Biography of Michael J. Mellinger

Michael J. (Mike) Mellinger offers Davandy clients the skills, lessons and experience drawn from more than 25 years as president and CEO of a high-tech business that grew from startup to a worldwide industry leader with more than 250 employees and revenues in excess of $35 million. Along the way, his company, Data Research Associates, Inc. (DRA), navigated rapid technological change, completed a successful IPO, successfully integrated numerous acquisitions, and was named one of Forbes Magazine's 200 Best Small Companies in America.  He was featured in the "Up and Comers" column in the May, 1993 issue of Forbes Magazine.

Specific areas of Mike’s expertise include:

  • Short- and long-term technological planning
  • Coaching and mentoring technical and non-technical executives
  • Evaluation of potential M&A activities
  • Strategic planning for corporate growth
  • Facilitating shared vision among investors and management

Mike moved to St. Louis, Missouri from his native California to attend the computer science program at Washington University (WU), one of the first of its kind, on a full scholarship. While enrolled at WU he served for more than a year as the CEO of the not-for-profit corporation with revenues in excess of $500,000 that supplied snacks, appliances, educational supplies, and other sundries to dormitory students. He left Washington U. in his senior year to work full-time at the University’s Computer Systems Laboratory.

In 1975, he founded DRA as a consultancy for the then-nascent technology based on the distributed processing using minicomputers and networking.

Mike’s technological expertise and vision soon caught the eye of several leading executives in the American library community, who had just begun to harness the power of distributed computing for managing the very large databases held in libraries. DRA’s first software product was a library system, and libraries soon became the company’s principal focus.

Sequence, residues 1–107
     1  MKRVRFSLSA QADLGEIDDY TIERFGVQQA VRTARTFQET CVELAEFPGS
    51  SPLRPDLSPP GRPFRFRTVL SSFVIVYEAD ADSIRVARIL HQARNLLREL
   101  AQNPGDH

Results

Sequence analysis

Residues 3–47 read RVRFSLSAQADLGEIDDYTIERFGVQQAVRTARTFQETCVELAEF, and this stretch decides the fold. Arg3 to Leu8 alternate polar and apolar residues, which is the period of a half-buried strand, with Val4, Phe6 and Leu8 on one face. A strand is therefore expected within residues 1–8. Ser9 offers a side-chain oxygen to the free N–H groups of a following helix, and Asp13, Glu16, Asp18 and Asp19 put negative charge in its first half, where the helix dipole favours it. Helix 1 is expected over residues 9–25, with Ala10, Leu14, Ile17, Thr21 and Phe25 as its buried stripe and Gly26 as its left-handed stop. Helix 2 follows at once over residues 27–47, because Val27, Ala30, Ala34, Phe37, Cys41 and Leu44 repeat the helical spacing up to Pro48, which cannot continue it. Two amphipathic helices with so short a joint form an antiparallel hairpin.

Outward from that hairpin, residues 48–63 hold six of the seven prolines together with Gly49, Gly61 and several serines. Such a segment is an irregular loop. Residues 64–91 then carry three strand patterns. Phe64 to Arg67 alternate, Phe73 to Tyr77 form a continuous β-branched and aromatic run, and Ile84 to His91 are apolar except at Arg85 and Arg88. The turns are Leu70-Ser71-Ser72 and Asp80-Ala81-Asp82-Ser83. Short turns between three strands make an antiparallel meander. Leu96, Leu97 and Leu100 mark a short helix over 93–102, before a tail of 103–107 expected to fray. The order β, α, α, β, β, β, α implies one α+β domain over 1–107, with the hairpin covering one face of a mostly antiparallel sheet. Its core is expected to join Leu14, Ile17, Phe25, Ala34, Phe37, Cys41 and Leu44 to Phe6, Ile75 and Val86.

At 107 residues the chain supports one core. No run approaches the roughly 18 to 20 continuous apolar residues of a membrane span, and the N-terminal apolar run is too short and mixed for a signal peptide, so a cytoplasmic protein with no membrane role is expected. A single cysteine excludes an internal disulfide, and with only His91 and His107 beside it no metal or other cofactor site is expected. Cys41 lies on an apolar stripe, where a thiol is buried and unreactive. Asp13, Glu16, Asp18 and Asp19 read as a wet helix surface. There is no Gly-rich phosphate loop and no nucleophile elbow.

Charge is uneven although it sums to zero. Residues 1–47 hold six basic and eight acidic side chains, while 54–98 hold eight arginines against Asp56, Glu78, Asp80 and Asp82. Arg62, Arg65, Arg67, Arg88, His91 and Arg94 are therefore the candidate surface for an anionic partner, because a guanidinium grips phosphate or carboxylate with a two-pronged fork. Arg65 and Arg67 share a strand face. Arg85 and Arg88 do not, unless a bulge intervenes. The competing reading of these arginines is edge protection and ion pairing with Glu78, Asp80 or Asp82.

More than 15 years before the Internet emerged as a universal computing tool, Mike assembled and led a development team to construct DRAnet, a nationwide private network by which libraries could greatly reduce the cost of electronically cataloging their collections. Ultimately, DRAnet grew to serve several hundred libraries in the U.S. and Canada and expanded to include numerous services based on database sharing.

Not content merely to implement technology, Mike also actively participated in industry and technology organizations in an effort to influence the overall path of technological progress. He is a past chairman of the National Information Standards Organization (NISO), and also funded and staffed DRA’s participation in the World Wide Web Consortium (W3C), the Internet Engineering Task Force (IETF) and the Coalition for Networked Information (CNI).

On the financial side of DRA, Mike recognized in the very early days of the company that reinvestment and strict accounting standards would be key to a successful and sustainable long-term growth path. Accordingly, DRA followed a practice of retaining all earnings, and Mike ensured that the company was audited to SEC-level standards many years before the company eventually went public. Debt was kept to a minimum, and revenues and expenses were tightly monitored to ensure steady profitability. In fact, the company was profitable for every year after its second year in business, including a remarkable streak of 10 consecutive years of earnings growth before and after its IPO.

Always a hands-on CEO, Mike was very active in investor relations while DRA was publicly held, and he holds unique insights into the benefits and pitfalls of the decision to go and stay public. In addition, he can quickly and objectively help to develop financing strategies – whether they should be debt-based, venture capital or “angel” investors, stock-based or some combination – and he can also provide valuable counsel to outside investors who need better understanding of the technologies in which they have invested.

DRA merged with another library automation company, SIRSI, in 2001, in a transaction valued in excess of $50 million. Mike left the merged company at the beginning of 2002 to devote full time to technology and financial consulting for Davandy clients.

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